AAA Growers is a family-run business that operates on a global scale. How did your story begin?
Farah: We started out in farming by accident. After studying abroad, my husband returned to Kenya and began a small side project with friends doing tomato farming. This was more of a weekend hobby for fun, but the consequence of this experiment was that we decided to try growing fine beans. It was a long time ago, and at that point, Kenya was exporting large volumes of beans. We wanted to scale up and luckily the World Bank financed us as a startup.
Our first farm was in Thika. It was a novel project. We really knew very little about farming – I would say almost nothing – and we were really lucky to meet a lot of great people along the way who were helpful and able to give us a hand with anything we didn’t know. So, we started off growing fine beans and then baby corn, which was a traditional crop for Kenya.
And soon after that, we came across (what is now world-famous) tenderstem broccoli. This originated in Zimbabwe and it’s a cross between conventional broccoli and Chinese kale. We were given the right to grow that crop and that was really the beginning of a great adventure.
How many farms do you have today?
Farah: We have a total of four farms including our fi rst one in Thika, which is called Hippo. It sits at 1,500 metres in altitude and is purely a vegetable farm. We have a combination of open-fi eld and greenhouse production there and it has a dedicated high-care convenience facility. Our second farm is Chestnut at the foothills of Mount Kenya, which is where we tend to grow all the herbs. It also has a bespoke packhouse facility. Simba, in Nyahururu, is our largest and perhaps most varied farm – we grow vegetables, roses and avocados there. And finally Chewy is where we grow roses, exclusively at a very high altitude.
Be it for vegetables, herbs, avocados or even roses – why is growing in Kenya a dream?
Farah: Kenya is one of a handful of places in the world sitting on the equator. It is marvellous as we can grow for 52 weeks of the year. Yes, we have two traditional rainy seasons, so sometimes we have little bumps in the road, but generally speaking, for 45 weeks of the year we have beautiful weather, great temperatures, super conditions and climatically it’s just incredible. You don’t need to do much; things grow naturally, the weather is amazing and the people are all coming from farming backgrounds, so it’s intrinsic to who we are.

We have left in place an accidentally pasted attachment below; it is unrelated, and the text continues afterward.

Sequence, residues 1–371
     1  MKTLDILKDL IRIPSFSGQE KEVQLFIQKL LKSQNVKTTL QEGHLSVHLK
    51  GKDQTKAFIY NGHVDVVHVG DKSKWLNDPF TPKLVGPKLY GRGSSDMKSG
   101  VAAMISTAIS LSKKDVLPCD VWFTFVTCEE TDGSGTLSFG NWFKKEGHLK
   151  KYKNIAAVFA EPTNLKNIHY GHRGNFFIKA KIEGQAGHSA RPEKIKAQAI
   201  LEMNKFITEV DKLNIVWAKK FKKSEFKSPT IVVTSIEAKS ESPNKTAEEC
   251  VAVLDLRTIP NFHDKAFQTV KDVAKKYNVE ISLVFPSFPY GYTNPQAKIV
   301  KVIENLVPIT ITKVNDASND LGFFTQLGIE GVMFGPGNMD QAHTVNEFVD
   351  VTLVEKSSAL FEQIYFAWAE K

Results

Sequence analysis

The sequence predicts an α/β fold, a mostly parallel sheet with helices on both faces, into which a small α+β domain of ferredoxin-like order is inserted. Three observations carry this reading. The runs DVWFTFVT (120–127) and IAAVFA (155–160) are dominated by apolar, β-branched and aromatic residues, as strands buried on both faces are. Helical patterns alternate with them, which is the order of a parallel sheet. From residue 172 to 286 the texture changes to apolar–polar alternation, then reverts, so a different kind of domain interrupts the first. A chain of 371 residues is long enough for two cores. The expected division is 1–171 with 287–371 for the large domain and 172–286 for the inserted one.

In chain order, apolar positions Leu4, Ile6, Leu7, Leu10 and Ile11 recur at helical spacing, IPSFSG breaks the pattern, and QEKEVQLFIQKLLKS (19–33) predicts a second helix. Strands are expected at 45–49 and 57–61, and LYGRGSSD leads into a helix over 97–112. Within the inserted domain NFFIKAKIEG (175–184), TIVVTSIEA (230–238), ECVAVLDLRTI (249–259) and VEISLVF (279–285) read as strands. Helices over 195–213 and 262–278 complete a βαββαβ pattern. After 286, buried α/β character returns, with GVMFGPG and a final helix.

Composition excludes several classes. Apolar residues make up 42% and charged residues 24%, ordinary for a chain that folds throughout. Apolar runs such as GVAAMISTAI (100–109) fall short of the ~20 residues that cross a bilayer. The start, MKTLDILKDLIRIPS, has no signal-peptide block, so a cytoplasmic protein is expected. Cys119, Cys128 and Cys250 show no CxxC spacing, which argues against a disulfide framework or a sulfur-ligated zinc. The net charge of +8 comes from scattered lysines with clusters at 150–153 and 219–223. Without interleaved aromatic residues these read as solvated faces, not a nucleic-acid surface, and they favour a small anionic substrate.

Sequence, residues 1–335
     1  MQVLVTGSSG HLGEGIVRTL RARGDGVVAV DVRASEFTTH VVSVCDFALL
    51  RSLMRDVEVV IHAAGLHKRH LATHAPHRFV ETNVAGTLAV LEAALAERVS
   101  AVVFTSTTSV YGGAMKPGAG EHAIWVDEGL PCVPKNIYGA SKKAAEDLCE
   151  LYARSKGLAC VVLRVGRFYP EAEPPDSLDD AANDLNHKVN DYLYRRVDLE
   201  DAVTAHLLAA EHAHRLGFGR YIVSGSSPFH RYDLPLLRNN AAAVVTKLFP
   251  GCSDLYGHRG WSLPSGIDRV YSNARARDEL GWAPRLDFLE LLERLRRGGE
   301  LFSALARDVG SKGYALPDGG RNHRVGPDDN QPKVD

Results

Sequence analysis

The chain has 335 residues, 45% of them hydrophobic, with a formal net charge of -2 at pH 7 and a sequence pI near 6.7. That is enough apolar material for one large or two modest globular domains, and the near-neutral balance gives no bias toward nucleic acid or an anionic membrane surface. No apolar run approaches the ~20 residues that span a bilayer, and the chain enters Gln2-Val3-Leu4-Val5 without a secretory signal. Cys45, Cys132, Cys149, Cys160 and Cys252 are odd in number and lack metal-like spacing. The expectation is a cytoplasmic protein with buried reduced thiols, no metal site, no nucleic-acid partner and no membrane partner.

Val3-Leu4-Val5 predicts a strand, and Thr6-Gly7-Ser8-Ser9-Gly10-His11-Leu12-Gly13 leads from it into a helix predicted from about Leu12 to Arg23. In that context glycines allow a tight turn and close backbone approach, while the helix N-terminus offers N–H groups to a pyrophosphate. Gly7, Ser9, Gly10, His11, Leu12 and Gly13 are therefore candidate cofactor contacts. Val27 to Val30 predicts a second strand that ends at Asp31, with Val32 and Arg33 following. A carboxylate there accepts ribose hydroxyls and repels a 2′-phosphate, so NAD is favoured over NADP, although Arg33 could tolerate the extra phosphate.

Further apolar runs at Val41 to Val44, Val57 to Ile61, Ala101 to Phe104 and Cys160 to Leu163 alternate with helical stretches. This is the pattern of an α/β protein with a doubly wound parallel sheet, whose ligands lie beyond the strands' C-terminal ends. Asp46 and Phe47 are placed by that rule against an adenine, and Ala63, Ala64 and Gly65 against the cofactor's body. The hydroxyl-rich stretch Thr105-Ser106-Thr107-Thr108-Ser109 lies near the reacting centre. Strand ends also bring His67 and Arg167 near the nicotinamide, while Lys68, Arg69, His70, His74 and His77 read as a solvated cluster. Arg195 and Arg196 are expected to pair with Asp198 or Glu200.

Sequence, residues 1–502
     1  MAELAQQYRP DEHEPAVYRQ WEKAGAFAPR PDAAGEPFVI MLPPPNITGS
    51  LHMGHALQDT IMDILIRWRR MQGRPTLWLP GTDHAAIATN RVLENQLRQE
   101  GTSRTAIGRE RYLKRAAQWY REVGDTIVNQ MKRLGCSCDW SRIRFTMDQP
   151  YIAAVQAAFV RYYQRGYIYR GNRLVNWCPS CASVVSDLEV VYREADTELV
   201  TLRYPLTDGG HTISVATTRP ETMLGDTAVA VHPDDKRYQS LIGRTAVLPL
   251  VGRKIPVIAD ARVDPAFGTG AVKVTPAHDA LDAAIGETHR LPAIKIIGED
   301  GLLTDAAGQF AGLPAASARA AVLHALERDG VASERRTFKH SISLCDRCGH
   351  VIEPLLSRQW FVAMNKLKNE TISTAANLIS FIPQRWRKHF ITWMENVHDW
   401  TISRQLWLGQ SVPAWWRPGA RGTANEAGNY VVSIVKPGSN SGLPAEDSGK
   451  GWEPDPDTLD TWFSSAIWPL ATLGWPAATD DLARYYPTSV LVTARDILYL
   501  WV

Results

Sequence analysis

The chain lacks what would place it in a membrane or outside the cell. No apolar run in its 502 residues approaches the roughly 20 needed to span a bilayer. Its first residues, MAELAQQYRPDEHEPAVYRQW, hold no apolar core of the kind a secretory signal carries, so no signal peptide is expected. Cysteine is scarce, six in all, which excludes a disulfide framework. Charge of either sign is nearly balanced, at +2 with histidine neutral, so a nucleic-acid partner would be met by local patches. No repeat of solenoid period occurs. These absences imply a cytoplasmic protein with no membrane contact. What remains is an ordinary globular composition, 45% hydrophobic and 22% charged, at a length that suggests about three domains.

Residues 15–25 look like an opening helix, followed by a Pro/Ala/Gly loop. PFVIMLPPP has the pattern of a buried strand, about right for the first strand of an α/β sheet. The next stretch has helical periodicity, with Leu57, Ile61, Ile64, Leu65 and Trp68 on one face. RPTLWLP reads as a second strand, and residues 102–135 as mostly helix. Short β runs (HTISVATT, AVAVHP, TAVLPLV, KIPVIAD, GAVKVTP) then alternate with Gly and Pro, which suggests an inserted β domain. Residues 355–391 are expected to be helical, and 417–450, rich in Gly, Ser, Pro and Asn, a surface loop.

Tenderstem broccoli is AAA’s largest vegetable crop
Avocados are washed after being picked
From fine beans, baby corn and tenderstem broccoli, AAA now grows over 40 vegetable crops – tell us about these and your processes.
Frank: AAA is actually the third largest grower and exporter out of Kenya today. And because 90 per cent of our products come from our own farms, we’re able to manage the entire process – from growing to food safety and postharvest handling. As Farah mentioned, our crops are spread across our different farms which are located in different geographical areas, which allows for variation and keeping up with demand. Our largest vegetable crop is tenderstem broccoli, but we also have capsicums, courgettes, pak choi, salad leaves, baby leaves, onions, spinach, runner beans, collard greens, garden peas, chillies and more. We’re known for our Ready-to-Cook and Ready-to-Eat products – all of which are prepared in high-care facilities with strict hygiene controls.
Tell us about your herb production at Chestnut Farm.
Frank: Chestnut sits at 2,000 metres above sea level. It’s not only good for some of our vegetable crops, but also for growing coriander, parsley, chives, dill, rosemary, oregano, sage, mint, thyme, marjoram and more. Like Simba, we have both open-fi eld growing and covered production – which allows us to grow herbs all year round. Because of the packhouse facility on the farm, we’re able to process all our own products. Being in control of the cold chain means we can guarantee quality and freshness.